It is still too early to make a reasonable judgement on the performance of supply chains during the COVID-19 pandemic, not least while disruptions continue. Yet the prevailing political mood against globalisation and, increasingly, China in both the EU and the US suggests that any shortages will be used as an argument for reshoring production.
Economically, reshoring is likely to be sub-optimal. However, we can perhaps understand it on the basis of a feeling that globalisation has gone too far, that prices could perhaps rise or choice be reduced, that we need to think again about what has been lost. That societies are dependent on too much complexity.
Such an argument deserves a strong counter, to the effect of being careful what you wish for. It may seem that the EU can intervene in supply chains without the likelihood of too many adverse effects. But this not only puts at risk the success of the swift global supply chain response to the COVID-19 pandemic.
It also draws attention to the country suffering the most shortages, which has already put up the trade barriers: the United Kingdom.
Shortages become another Brexit story
It might have been the closure of some branches of the fried chicken restaurant chain Nando’s, the absence of milkshakes at McDonalds, or the popular bakery chain Greggs lacking chicken bakes. Perhaps it was the reports of a shortage of blood test equipment. What is certain is that the UK is becoming increasingly aware of supply chain problems.
There had been warnings of supply chain problems before Brexit, that raising trade barriers with the EU, i.e. covering 50% of trade, would likely have a cost. To change dramatically the country’s trading basis amidst a global pandemic looked risky. But few had thought that it would be labour shortages that would have been central.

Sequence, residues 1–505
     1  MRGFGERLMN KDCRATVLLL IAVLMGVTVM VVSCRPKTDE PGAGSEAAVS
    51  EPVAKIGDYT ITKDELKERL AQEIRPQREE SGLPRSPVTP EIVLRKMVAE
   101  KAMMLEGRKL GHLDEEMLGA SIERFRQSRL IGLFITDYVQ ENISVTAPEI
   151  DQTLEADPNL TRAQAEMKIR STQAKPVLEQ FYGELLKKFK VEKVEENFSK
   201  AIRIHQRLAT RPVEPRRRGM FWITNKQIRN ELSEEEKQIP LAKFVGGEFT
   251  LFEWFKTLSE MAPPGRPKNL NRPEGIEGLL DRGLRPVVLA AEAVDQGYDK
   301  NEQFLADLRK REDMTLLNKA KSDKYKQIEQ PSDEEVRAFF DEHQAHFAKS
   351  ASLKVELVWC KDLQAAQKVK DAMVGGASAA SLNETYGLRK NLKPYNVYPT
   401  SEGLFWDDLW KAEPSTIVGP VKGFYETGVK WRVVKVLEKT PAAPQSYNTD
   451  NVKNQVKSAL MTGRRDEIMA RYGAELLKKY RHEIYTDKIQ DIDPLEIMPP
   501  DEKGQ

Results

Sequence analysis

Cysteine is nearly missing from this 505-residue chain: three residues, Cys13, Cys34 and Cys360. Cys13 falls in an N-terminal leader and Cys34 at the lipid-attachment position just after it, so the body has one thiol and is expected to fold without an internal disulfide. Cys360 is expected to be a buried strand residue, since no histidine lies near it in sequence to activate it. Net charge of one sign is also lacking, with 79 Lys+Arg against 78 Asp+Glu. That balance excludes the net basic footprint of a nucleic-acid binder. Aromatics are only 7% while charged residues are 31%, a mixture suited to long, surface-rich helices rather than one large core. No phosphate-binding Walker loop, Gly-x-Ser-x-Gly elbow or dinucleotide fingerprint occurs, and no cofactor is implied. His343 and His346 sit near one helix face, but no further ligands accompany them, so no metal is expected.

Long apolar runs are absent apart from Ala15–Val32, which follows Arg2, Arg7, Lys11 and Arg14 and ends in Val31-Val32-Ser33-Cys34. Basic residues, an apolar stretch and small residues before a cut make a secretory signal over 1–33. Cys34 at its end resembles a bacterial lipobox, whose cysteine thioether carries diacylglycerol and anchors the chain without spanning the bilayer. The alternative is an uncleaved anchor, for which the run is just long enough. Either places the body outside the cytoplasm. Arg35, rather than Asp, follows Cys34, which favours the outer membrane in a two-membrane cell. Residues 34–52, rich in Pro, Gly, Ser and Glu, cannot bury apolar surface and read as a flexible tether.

Although many EU citizens applied for and received settled status, it appears that many employed in UK farms, food processing, and haulage have left the country. Replacements have not been found, and combined with COVID-19 isolation rules, there have been numerous reports of business struggling to find people to work for them.
There is a large degree of irony here, for it was repeated media headlines about a flood of EU immigrants that drove much of the sentiment behind Brexit. The government, cognisant of this, does not now want to make a special case and reopen labour markets. But there are already warnings of further shortages, perhaps of Christmas turkeys, if the labour market problems are not resolved.
Although it may be not be immediately visible in the polarised domestic UK politics, the fact remains: actions have consequences. The UK shortages come from imposing one, national, economic shock on top of another, global, one.
It would be strange for the EU to look on and decide to do the same, in a different way, presumably thinking they could limit the damage. For intervening in supply chains would be just this – and this potential EU action remains a strong possibility, whichever way it would be dressed up in public.
But the lesson from the UK would be: Be very careful what you wish for.
David Henig runs the column ‘Perspectives’ on the politics of global trade for Borderlex. He is also a UK director at the think tank ECIPE.